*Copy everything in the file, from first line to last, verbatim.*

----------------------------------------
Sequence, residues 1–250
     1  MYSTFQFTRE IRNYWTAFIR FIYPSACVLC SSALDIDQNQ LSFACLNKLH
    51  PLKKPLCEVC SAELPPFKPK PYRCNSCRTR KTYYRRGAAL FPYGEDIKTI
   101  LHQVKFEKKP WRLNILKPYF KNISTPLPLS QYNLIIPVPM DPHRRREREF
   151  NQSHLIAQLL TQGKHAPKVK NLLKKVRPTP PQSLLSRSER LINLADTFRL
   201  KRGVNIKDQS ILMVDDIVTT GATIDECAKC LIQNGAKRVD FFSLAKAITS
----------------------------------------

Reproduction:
Sequence, residues 1–250
     1  MYSTFQFTRE IRNYWTAFIR FIYPSACVLC SSALDIDQNQ LSFACLNKLH
    51  PLKKPLCEVC SAELPPFKPK PYRCNSCRTR KTYYRRGAAL FPYGEDIKTI
   101  LHQVKFEKKP WRLNILKPYF KNISTPLPLS QYNLIIPVPM DPHRRREREF
   151  NQSHLIAQLL TQGKHAPKVK NLLKKVRPTP PQSLLSRSER LINLADTFRL
   201  KRGVNIKDQS ILMVDDIVTT GATIDECAKC LIQNGAKRVD FFSLAKAITS